The brain circuitry thought to be involved in stress responses includes several nuclei of the extended amygdala. The bed nucleus of the stria terminalis (BNST) is thought to be involved in the generation of sustained, nonspecific anxiety. Previous behavioral and electrophysiological experiments demonstrate that glutamate systems are involved in anxiety-like behaviors in the BNST. Antagonists for AMPA receptors injected into the BNST decrease anxiety-like behaviors. However, little is known about the role of AMPA receptors and the mechanism by which they act in the establishment of anxiety-like behavior in response to a stressor. We hypothesized that the distribution of AMPA receptors is changed following a paradigm of unpredictable footshock as has been seen in the basolateral amygdala (BLA). We examined the subcellular localization of the GluR1 subunits of the AMPA receptor. We found that the neuropil of the BNST had a lower density of dendritic spines compared to dendritic shafts in the BLA. The majority of elements immunolabeled for GluR1 were dendritic shafts and spines with axonal and glial elements rarely labeled. Compared with controls, no significant effect was observed on days 1, 6, or 14 poststress. However, there was a trend for an increase at 6 and 14 days poststress. These data demonstrate that GluR1 subunits are primarily located on postsynaptic elements in the BNST. Moreover, it was shown that the response of the AMPA GluR1 subunit does not undergo a significant migration into spines from dendrites in response to a stressor as has been demonstrated in the BLA. Synapse 68:194–201, 2014. Published 2014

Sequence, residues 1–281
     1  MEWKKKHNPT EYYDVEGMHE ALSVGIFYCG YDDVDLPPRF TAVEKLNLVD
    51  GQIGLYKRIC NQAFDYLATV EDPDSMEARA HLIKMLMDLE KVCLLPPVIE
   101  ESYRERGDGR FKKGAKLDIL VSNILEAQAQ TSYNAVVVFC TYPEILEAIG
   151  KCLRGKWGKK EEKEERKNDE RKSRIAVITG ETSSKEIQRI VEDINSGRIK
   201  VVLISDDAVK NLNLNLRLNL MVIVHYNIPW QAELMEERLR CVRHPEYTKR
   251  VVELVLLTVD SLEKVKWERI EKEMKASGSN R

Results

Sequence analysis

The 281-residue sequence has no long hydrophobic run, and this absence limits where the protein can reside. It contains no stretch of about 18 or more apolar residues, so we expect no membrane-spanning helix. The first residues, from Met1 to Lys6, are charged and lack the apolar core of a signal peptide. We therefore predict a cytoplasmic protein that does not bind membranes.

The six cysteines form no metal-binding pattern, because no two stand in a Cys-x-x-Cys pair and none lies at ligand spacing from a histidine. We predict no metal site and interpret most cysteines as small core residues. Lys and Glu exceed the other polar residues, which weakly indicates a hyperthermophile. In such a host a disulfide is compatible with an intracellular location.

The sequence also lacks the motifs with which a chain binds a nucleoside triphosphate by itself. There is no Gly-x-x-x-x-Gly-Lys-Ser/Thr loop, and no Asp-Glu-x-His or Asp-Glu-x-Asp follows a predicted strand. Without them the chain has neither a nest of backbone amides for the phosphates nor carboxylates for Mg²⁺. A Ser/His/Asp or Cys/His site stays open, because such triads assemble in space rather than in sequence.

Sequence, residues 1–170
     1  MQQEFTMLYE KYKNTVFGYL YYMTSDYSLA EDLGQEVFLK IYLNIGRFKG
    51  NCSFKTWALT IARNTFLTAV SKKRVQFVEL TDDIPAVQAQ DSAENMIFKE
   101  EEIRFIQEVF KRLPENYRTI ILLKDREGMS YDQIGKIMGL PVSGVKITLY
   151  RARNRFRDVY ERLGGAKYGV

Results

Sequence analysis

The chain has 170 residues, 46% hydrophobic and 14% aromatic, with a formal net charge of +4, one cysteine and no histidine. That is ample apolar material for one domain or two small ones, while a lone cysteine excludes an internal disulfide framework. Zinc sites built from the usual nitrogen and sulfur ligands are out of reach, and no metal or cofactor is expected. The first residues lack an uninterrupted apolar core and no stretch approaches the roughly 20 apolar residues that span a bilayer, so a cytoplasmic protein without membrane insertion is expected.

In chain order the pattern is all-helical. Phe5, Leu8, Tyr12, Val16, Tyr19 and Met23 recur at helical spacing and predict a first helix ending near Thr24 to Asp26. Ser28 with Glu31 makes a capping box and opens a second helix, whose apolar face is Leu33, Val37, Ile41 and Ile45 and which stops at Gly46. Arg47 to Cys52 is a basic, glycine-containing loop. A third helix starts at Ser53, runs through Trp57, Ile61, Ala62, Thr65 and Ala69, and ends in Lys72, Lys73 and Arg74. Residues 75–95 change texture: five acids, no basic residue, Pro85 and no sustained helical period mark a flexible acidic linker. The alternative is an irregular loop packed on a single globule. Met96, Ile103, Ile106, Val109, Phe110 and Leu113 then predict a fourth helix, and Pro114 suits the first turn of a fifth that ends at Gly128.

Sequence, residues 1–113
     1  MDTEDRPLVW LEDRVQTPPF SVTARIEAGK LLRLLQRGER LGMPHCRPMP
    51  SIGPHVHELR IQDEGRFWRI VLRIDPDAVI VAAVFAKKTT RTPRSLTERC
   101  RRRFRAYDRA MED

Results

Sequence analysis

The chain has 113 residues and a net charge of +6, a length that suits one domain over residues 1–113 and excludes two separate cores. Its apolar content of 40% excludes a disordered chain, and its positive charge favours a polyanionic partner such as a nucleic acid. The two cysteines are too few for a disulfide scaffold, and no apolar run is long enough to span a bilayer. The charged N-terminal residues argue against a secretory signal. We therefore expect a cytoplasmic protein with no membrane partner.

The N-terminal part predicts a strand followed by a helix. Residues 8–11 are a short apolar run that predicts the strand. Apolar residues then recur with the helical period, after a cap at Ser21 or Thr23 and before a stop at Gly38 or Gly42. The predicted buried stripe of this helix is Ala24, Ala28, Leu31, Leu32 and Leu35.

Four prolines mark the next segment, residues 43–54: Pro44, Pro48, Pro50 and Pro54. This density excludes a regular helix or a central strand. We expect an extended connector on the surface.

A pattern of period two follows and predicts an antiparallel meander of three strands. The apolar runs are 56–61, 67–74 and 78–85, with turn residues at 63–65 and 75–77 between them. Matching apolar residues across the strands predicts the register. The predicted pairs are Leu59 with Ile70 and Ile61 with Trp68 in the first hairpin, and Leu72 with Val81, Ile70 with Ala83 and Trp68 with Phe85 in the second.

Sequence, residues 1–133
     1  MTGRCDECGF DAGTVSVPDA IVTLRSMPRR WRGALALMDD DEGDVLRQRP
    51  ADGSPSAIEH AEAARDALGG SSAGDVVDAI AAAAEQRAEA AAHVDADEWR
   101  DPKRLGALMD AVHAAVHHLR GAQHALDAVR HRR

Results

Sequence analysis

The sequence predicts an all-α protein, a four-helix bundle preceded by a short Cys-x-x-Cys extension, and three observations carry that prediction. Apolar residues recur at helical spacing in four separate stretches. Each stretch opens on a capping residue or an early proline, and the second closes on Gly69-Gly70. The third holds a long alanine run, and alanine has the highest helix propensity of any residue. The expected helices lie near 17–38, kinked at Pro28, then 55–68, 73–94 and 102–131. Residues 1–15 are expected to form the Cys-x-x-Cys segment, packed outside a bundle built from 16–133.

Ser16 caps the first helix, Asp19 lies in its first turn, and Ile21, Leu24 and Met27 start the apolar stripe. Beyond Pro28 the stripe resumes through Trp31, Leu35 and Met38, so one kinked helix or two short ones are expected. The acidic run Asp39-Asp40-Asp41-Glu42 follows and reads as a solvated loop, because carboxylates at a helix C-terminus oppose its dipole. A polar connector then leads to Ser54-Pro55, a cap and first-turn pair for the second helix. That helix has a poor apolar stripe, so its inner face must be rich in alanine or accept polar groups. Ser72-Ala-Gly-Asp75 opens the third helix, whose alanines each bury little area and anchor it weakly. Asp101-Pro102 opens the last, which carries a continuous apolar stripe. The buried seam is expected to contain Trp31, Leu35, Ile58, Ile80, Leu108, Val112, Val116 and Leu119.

Previously, we found that stress shifts the AMPA receptor subunit GluR1 into dendritic spines and suggested this might result in un-silencing excitatory inputs to this brain region. Here, we find a similar shift does not occur in the BNST, a major target of the BLA.